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All about alcoholism and drinking alcohol abuse signs and symptoms of alcoholism causes of alcoholism risk factors for alcoholism effects of alcoholism fetal alcohol syndrome moderate drinking health benefits of moderate drinking alcoholism treatment alternative therapy for alcoholism treatment effects of alcoholism on women

What are the signs and symptoms of alcoholism?

Most alcoholics deny that they have a drinking problem. Other signs of alcoholism and alcohol abuse include:
  • Drinking alone or in secret

  • Not remembering conversations or commitments — sometimes referred to as "blacking out"
  • Making a ritual of having drinks before, with or after dinner and becoming annoyed when this ritual is disturbed or questioned
  • Losing interest in activities and hobbies that used to bring pleasure
  • Feeling a need to drink
  • Irritability as usual drinking time nears, especially if alcohol isn't available
  • Keeping alcohol in unlikely places at home, at work or in the car
  • Having legal problems or problems with relationships, employment or finances
  • Building up a tolerance to alcohol so that you need an increasing number of drinks to feel alcohol's effects
  • Experiencing physical withdrawal symptoms, such as nausea, sweating and shaking, if you don't drink
  • People who abuse alcohol may experience many of the same signs and symptoms as people who are dependent on alcohol. However, alcohol abusers don't feel the same compulsion to drink and usually don't experience physical withdrawal symptoms when they don't drink. A dependence on alcohol also creates a tolerance to alcohol and the inability to control your drinking.

    More information on alcoholism and drinking

    What is alcoholism? - Alcoholism is an addictive dependency on alcohol characterised by craving, loss of control, physical dependence and withdrawal symptoms.
    What is alcohol abuse? - Alcohol abuse differs from alcoholism in that it does not include an extremely strong craving for alcohol, loss of control, or physical dependence.
    What are the signs and symptoms of alcoholism? - People who abuse alcohol may experience many of the same signs and symptoms as people who are dependent on alcohol.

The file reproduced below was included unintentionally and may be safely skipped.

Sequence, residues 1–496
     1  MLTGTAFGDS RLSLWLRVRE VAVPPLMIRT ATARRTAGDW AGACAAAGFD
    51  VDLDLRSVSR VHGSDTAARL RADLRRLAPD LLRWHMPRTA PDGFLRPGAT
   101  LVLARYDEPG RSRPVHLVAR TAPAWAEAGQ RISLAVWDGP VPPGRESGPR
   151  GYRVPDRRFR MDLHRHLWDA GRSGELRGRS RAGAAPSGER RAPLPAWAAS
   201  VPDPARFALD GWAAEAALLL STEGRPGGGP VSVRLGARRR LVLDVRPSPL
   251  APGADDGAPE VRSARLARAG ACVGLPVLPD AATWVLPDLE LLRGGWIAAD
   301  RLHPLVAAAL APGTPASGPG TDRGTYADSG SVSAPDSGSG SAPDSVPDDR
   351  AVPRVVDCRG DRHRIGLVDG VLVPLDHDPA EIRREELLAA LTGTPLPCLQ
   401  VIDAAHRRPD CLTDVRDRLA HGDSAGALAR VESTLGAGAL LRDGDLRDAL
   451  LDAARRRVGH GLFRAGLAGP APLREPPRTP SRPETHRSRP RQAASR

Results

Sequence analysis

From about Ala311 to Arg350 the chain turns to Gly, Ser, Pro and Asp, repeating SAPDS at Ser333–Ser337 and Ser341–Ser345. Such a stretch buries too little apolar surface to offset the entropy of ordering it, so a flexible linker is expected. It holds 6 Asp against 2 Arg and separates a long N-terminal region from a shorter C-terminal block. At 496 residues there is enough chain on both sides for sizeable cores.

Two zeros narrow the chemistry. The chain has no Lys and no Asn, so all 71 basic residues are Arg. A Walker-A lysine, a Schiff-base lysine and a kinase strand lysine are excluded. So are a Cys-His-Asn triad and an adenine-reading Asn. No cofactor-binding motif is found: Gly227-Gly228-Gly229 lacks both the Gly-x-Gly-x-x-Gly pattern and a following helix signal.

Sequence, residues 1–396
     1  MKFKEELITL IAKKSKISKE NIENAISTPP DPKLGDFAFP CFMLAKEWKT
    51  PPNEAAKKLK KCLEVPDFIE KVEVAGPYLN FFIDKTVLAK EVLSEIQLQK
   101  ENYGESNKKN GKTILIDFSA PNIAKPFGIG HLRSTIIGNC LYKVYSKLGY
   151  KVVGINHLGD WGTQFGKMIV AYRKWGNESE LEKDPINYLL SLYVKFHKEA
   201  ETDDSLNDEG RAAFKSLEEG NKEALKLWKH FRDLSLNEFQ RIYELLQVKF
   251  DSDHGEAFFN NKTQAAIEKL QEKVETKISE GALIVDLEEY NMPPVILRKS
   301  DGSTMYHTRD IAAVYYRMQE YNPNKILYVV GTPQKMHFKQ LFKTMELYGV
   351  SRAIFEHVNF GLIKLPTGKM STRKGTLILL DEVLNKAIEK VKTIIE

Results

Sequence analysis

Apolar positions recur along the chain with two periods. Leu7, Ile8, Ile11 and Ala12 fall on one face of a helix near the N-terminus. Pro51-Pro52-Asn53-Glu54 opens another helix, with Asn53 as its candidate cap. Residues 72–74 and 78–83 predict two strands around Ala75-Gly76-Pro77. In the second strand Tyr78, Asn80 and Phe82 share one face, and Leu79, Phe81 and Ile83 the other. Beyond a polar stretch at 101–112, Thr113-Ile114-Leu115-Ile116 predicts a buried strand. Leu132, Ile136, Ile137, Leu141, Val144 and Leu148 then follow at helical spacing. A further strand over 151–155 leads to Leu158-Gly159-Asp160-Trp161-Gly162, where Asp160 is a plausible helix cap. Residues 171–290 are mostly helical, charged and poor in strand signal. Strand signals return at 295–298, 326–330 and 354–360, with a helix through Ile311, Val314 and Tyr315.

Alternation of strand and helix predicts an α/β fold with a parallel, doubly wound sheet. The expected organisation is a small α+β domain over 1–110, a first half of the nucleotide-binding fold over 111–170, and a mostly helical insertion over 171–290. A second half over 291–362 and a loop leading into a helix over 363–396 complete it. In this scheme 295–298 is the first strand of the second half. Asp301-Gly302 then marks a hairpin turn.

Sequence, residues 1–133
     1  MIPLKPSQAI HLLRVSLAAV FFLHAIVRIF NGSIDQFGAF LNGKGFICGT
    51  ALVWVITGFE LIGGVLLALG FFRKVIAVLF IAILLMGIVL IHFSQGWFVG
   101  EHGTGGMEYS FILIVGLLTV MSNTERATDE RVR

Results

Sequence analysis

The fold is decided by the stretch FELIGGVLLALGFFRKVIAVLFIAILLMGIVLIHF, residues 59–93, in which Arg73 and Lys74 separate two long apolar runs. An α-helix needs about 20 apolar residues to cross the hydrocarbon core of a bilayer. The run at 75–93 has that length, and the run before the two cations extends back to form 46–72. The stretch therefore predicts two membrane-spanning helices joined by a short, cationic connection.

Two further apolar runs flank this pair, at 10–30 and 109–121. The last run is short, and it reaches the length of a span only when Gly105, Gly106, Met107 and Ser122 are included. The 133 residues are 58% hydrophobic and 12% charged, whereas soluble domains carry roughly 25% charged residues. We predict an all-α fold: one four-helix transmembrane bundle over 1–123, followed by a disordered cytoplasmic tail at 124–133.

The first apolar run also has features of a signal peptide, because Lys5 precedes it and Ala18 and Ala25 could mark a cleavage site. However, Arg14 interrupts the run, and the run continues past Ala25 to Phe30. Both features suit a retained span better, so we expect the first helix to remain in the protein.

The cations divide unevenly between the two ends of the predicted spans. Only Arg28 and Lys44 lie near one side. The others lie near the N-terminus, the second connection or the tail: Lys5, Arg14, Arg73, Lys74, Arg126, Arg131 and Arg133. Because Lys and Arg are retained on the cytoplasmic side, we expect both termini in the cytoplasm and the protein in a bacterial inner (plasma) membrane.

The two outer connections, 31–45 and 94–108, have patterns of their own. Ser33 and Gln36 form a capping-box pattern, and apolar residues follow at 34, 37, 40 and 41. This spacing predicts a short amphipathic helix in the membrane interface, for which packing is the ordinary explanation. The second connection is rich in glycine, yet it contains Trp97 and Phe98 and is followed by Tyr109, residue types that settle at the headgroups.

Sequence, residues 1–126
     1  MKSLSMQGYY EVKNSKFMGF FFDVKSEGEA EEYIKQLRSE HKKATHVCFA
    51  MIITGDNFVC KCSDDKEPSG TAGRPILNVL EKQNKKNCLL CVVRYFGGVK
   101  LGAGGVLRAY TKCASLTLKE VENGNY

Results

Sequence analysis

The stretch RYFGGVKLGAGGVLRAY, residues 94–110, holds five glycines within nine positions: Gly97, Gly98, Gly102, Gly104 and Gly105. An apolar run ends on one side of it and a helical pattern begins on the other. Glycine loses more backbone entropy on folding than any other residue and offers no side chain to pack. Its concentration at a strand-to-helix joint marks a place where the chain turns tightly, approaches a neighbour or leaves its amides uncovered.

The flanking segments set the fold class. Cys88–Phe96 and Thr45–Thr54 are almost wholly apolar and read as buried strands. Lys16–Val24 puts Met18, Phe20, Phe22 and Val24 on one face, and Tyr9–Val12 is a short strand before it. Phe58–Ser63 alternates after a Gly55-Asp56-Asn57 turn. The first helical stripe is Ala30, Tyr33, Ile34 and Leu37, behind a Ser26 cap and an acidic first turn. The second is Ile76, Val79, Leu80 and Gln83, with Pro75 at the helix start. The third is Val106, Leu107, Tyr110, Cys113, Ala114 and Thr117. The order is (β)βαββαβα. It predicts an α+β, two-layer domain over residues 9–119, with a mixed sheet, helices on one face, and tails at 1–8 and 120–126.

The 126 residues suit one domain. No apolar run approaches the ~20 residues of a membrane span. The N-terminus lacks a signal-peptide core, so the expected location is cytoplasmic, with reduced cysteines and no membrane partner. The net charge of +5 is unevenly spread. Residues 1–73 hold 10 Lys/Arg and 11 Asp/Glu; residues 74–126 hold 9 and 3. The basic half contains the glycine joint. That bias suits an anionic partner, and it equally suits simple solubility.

What causes alcoholism? - D2 dopamine receptor gene increases a person's chance of developing alcoholism. Usually, a variety of factors contribute to the development of a problem with alcohol.
    What're the risk factors for alcoholism? - Steady drinking over time can produce a physical dependence on alcohol. Drinking over 14 drinks a week for men or seven drinks a week for women increases the risk of developing dependence on alcohol.
    What are the effects of alcoholism? - Alcohol depresses your central nervous system by acting as a sedative. In some people, the initial reaction may be stimulation, but as drinking continues, sedating or calming effects occur.
    What is fetal alcohol syndrome? - Fetal alcohol syndrome (FAS) is a group of birth defects caused by drinking alcohol during pregnancy.
    What is moderate drinking? - Four or five drinks may be moderate for large individuals but excessive for small or light people. The typical woman should generally consume 25 to 30 percent less than the average man.
    What're the health benefits of moderate drinking? - Moderate drinkers tend to have better health and live longer than those who are either abstainers or heavy drinkers.
    What is alcoholism treatment? - Treatment may include detoxification (the process of safely getting alcohol out of one's system), taking doctor-prescribed medications, and individual and group counseling.
    What alternative therapy is available for alcoholism? - Acupuncture may reduce anxiety and depression, which lead some people to drink alcohol. Involving a spouse in the treatment process may increase the chances of success in treatment and in staying sober after treatment.
    Why does alcohol affect women differently? - Women are effected by alcohol more rapidly because they tend to have a higher proportion of body fat than men.
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    All information is intended for reference only. Please consult your physician for accurate medical advices and treatment. Copyright 2005, health-cares.net, all rights reserved. Last update: July 18, 2005